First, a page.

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Table of Contents.

Determining The ‘Plus’ In Cost-Plus Pricing: A Time-Based Management Approach

By Reinaldo Guerreiro, Edgard B. Cornachione Jr.and Carlos Roberto Kassai

This study focuses on methods for determining the contribution margin in cost-plus pricing (CPP).The key assumption is that, in manufacturing companies, the use of contribution margin per hour in pricing and profitability analyses provides stronger adherence to the goal of optimizing global earnings than the percentage contribution margin approach.

Three different methodological approaches were adopted in this study: (a) review of relevant literature for pricing, (b) action research (single case study in a manufacturing company aiming at understanding the environment complexity of pricing) and (c) critical reflections to shape a conceptual proposal.

Findings show that a pricing model based on the contribution margin per hour offers stronger adherence for optimizing global earnings if compared to contribution margin in percentage terms. The evidence from this study fills, therefore, an important void in the pricing literature.

Adaption-Innovation at Work: A New Measure of Problem- Solving Styles

By Yin Xu and Brad Tuttle

The study introduces a new measure of adaption versus innovation problem solving style (labelled the AI-W) that is validated using professional accountants. The AI-W consists of nine items and non-proprietary in comparison to the Kirton Adaption-Innovation Inventory (KAI) of 32 items which is proprietary.

An analysis of data from a large sample of practicing accountants suggests that reliability, construct validity, and discriminant validity are high. As expected, the AI-W is not highly correlated with dimensions of the Big-Five personality types. The study also shows that accountants in general prefer an adaptive problem solving approach to an innovative approach and that auditors and tax preparers tend to have more adaptive scores than consultants and system personnel. The implications of the study are also discussed.

Corporate Governance Failure to Influence the Communication of Key Financial Data over Turbulent Times

By Poh-Ling Ho, Norhani Aripin and Greg Tower

This study analyses the impact of corporate governance mechanisms and firm characteristics on financial ratio disclosure over the turbulent 2001 and 2006 periods in Malaysia. It was found that the highest categories of ratio disclosures are profitability, cash flow and share market measures whereas there is far less information reported for capital structure and liquidity ratios. Importantly, none of the corporate governance mechanisms investigated influenced the level of financial ratio communication.

The findings in this study have important implications for Malaysian policy-makers and regulators that concerted efforts in strengthening overall corporate governance system and firms’ disclosure policy are encouraged if the listed firms are to better communicate to their stakeholders. The results also provide useful insights about corporate transparency.

Fair Value Accounting and the Global Financial Crisis: The Malaysian Experience

By Samuel Jebaraj Benjamin, Athi Niskkalan and M.Srikamaladevi Marathamuthu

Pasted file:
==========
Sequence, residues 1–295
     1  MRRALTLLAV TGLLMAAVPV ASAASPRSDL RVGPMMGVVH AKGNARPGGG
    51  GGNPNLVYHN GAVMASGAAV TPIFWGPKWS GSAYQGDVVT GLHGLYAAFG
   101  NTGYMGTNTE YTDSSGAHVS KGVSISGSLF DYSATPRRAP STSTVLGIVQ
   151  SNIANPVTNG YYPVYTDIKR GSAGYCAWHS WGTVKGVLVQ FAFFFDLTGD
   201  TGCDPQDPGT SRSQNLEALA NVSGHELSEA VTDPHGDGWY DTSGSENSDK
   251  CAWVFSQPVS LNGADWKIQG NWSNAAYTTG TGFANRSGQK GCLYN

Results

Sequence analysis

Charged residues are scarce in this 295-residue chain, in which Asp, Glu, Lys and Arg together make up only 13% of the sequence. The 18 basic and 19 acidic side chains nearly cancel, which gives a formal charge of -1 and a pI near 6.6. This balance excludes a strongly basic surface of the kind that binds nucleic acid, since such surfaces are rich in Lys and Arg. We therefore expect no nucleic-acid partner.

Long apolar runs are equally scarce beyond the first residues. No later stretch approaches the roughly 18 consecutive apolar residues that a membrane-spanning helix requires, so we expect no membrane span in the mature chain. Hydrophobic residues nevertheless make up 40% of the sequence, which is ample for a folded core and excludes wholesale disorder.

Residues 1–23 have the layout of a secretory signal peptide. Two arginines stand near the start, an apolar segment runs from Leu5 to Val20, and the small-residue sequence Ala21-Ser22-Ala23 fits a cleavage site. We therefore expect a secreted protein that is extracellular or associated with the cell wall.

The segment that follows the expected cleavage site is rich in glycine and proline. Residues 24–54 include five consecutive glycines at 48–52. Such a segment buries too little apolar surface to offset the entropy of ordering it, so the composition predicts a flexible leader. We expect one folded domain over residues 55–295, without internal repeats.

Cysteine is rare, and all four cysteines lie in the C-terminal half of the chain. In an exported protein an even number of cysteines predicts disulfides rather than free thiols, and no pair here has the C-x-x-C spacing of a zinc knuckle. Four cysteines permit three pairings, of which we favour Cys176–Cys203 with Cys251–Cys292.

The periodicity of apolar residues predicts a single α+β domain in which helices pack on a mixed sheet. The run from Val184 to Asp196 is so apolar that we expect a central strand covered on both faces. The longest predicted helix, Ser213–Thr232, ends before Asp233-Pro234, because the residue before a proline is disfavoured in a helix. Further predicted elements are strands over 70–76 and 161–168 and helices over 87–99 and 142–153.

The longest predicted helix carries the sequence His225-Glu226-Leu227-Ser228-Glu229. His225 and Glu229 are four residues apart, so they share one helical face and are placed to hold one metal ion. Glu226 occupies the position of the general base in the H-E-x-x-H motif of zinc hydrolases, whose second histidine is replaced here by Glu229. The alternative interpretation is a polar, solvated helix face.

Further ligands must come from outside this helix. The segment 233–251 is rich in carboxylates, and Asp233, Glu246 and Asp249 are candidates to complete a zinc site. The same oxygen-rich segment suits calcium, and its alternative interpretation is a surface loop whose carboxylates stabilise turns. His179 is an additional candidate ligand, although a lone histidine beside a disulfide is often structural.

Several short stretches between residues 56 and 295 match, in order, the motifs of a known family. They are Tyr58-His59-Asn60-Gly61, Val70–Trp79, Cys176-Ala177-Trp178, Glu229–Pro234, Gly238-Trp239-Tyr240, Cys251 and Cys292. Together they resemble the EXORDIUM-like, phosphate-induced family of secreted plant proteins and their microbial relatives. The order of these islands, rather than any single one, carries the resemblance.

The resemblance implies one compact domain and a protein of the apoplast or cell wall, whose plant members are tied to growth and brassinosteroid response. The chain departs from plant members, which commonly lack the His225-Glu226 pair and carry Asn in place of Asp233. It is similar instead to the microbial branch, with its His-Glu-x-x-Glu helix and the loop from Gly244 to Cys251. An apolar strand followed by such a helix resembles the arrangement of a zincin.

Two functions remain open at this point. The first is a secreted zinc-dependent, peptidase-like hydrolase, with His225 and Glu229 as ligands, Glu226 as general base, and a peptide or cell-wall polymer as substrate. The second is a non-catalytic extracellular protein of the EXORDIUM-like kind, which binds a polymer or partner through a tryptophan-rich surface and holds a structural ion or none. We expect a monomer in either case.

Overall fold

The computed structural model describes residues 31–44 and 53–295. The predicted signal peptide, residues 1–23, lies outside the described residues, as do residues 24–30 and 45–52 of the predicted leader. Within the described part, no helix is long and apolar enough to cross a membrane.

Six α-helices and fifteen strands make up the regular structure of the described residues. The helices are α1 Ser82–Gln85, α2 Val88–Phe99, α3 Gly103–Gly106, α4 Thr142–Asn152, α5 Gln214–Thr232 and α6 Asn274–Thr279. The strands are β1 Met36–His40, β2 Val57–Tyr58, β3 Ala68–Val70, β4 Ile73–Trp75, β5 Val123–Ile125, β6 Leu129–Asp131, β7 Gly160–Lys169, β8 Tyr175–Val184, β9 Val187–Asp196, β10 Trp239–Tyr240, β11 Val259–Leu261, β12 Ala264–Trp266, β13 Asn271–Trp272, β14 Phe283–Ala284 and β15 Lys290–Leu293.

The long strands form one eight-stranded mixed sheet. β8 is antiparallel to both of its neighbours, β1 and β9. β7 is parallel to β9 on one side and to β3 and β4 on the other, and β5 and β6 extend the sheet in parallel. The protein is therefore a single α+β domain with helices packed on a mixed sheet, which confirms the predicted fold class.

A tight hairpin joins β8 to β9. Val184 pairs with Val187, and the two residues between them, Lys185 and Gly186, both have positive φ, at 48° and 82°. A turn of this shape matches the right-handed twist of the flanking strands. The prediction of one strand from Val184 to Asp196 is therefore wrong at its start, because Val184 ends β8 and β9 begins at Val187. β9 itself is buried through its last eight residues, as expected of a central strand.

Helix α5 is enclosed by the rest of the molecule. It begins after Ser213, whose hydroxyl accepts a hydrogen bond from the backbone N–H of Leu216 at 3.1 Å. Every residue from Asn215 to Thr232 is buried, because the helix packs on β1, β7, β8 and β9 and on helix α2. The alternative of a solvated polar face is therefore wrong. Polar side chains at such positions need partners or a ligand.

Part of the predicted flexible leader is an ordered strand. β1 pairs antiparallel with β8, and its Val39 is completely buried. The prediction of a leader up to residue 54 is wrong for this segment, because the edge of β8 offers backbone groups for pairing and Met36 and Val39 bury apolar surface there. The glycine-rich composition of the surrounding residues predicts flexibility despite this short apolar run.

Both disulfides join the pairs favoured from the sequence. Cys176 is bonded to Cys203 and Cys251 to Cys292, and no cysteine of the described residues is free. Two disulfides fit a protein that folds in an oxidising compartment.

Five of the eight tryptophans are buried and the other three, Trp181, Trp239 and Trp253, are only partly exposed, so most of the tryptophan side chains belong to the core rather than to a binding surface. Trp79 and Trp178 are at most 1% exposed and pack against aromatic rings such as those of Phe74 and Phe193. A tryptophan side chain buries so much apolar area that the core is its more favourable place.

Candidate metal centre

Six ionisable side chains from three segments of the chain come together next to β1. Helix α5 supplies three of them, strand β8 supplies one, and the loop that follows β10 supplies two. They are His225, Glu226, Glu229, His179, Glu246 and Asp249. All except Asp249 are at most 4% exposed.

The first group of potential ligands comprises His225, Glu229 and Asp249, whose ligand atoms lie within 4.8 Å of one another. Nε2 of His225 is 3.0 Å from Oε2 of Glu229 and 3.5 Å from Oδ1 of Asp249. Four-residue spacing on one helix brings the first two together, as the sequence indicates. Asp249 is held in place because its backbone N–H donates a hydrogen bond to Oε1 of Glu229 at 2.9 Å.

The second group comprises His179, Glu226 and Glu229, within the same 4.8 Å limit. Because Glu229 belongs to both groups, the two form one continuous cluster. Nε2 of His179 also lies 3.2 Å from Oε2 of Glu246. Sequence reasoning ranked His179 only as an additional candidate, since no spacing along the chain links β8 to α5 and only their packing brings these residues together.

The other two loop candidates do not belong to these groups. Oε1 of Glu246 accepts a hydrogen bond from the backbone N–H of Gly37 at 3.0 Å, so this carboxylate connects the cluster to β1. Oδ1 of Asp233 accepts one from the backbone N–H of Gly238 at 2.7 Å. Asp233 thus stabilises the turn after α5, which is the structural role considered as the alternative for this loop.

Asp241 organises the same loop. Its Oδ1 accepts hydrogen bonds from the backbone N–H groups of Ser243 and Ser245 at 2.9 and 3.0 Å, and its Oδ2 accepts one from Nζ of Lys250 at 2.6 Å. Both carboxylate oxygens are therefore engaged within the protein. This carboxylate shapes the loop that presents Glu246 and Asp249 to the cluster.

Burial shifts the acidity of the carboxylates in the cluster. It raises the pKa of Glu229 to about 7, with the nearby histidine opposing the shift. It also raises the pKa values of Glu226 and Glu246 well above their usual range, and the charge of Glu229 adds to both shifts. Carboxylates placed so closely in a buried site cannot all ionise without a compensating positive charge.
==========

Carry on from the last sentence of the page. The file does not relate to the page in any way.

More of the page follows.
While so much attention has been given in the western world to the issues surrounding Fair Value Accounting (FVA), especially in light of the recent Global Financial Crisis (GFC), little is known about its implications in the developing world. This study investigates the application of Fair Value Accounting by Real Estate Investment Trusts (REITS) in Malaysia during the recent GFC of 2007/2008. The REITs sector is chosen because the application of FVA for their investment property represents the biggest and most material item in their statements of financial position.

This study is based on the FV reporting of 11 out of the 13 REITs firms listed in the Bursa Malaysia during the years of 2008 and 2009. In contrast to the impact of FVA in US, Europe and even neighbouring Singapore that reported asset impairments during the recent GFC, this study revealed that a high majority Malaysian REITs firms reported fair value gains or mark-ups of their investment property during the period. A good number of possible reasons for this anomaly are argued and discussed. Findings from this study are expected to provide useful insights into the FVA controversies and enlighten regulators on some of the prominent application issues of FVA in the developing world.


 The Research Design Maze: Understanding Paradigms, Cases, Methods and Methodologies

By Dina Wahyuni

The present paper introduces the logical choices available in research methodologies; which enable the drawing of correct inferences to answer the various research questions that are asked by accounting researchers.

It starts with an overview of research paradigms as fundamental beliefs that affect the ways to conduct social research, including the choice of a particular research methodology. The paper then details the elements of case study design, including the justification to choose case organisations. The sections that follow present an overview of the required data and collection methods and discuss the methods used to analyse the collected data. Considerations regarding research quality are also presented.

This paper is a useful reference or a starting point for researchers considering qualitative multi-method case study research designs.

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